DHA is significantly responsible for your baby’s brain growth as well as eye and nervous system development. As babies cannot produce their own DHA, it is up to the mother to provide these beneficial properties for their baby to absorb – mainly through pregnancy and from breastmilk. By increasing your DHA intake, not only will it help lengthen your gestation length and support your mental state8.


A mother’s healthy gut makes for a healthy baby, as a mother’s gut bacteria is important for fetal development. Due to this known fact, there has been a boom in the practice of including both prebiotics and probiotics in supplements before, during and after pregnancy. Consuming prebiotics as part of a mother’s diet ensures that the health of the gut bacteria is enhanced and that the good bacteria existing in the digestive system are nurtured.

Where can mothers get these extra nutrients? Dumex Mamil Gold, of course!

This is an easy question, and Dumex has the answer! As part of the Dumex Mamil Gold range, we have dedicated a very special formula for pregnant and breastfeeding mothers, called the Dumex Mamil Mama. As you may know by now, being a pregnant or new mother increases your body’s need for essential nutrients like Folic Acid, Calcium, Iron, DHA and Prebiotics to support your pregnancy journey. The new Dumex Mamil Mama consists all these essential nutrients to you and your bundle of joy, especially during the crucial times of pregnancy and breastfeeding.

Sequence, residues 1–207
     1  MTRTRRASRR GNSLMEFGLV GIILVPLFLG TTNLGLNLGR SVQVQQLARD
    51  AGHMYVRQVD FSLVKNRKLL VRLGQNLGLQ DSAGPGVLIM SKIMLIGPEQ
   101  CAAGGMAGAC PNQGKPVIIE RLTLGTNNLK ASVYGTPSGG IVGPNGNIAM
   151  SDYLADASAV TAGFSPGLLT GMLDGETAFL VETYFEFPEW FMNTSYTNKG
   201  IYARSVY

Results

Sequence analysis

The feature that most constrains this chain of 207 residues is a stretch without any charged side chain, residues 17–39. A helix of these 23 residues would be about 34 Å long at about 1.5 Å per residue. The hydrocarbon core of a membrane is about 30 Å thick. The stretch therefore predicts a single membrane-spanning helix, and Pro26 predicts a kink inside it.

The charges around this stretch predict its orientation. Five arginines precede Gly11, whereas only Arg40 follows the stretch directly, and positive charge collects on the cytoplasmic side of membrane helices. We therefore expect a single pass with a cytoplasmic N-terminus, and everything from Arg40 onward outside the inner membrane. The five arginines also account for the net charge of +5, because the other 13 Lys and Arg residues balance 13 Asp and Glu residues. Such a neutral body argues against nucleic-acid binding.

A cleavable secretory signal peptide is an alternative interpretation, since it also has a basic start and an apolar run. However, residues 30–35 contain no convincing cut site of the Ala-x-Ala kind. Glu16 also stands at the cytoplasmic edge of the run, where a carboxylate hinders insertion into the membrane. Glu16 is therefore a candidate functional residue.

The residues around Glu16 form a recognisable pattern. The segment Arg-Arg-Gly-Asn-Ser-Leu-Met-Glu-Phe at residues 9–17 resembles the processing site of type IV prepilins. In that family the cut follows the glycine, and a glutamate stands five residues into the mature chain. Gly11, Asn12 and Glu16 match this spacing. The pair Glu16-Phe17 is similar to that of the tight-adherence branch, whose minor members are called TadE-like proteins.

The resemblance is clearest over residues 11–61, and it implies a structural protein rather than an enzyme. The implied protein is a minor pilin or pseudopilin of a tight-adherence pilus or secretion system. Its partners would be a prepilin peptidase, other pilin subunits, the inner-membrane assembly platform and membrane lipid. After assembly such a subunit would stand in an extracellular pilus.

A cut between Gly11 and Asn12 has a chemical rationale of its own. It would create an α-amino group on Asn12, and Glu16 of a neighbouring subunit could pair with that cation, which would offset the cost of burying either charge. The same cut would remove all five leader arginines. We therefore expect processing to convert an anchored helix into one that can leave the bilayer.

As reassurance, do note that Dumex practices a safe and natural way of sourcing ingredients for our formulas, so all our products are free from GMO, colouring and sucrose.

The Dumex Mamil Mama is readily available for you to sample here in your own country. Visit for free samples, and be on your way to healthier motherhood with Dumex Mamil Gold.


1. Foster, J. (2015). Nutritional Needs During Pregnancy and Breastfeeding. Ohio State University Extension. Retrieved 26 March 2020, from

2. Gavin, M. (2014) Pregnant or Breastfeeding? Nutrients You Need. Kids Health. Retrieved 26 March 2020, from

3. Kominiarek, M. (2016). Nutrition Recommendations in Pregnancy and Lactation. NCBI. Retrieved 26 March 2020, from

4. Bezwoda, M.R., T.H. Bothwell, J.D. Torrance, A.P. MacPhail, R.W. Charlton, G. Kay, and J. Levin. 1979. The relationship between marrow iron stores, plasma ferritin concentrations and iron absorption. Scand. J. Haematol. 22:113–120. [PubMed]

5. Hallberg, L. 1988. Iron balance in pregnancy. Pp. 115–127 in H. Berger, editor. , ed. Vitamins and Minerals in Pregnancy and Lactation. Raven Press, New York.

6. Bothwell, T.H., R.W. Charlton, J.D. Cook, and C.A. Finch. 1979. Iron Metabolism in Man. Blackwell Scientific Publications, Oxford. 576 pp.

7. Pregnancy, Breastfeeding and Bone Health. National Institutes of Health. Retrieved 26 March 2020, from

8. DHA During Pregnancy and DHA While Breastfeeding. Life’s DHA. Retrieved 26 March 2020, from

9. Perlmutter, D. (2016). Probiotics, Prebiotics & Healthy Pregnancy. Garden of Life. Retrieved 26 March 2020, from

Additional Reading

1. Nutrition During Pregnancy: Part I Weight Gain: Part II Nutrient Supplements. NCBI. Retrieved 26 March 2020, from

2. Healthy eating during pregnancy and breastfeeding by the World Health Organization (WHO). (2001). Retrieved 26 March 2020, from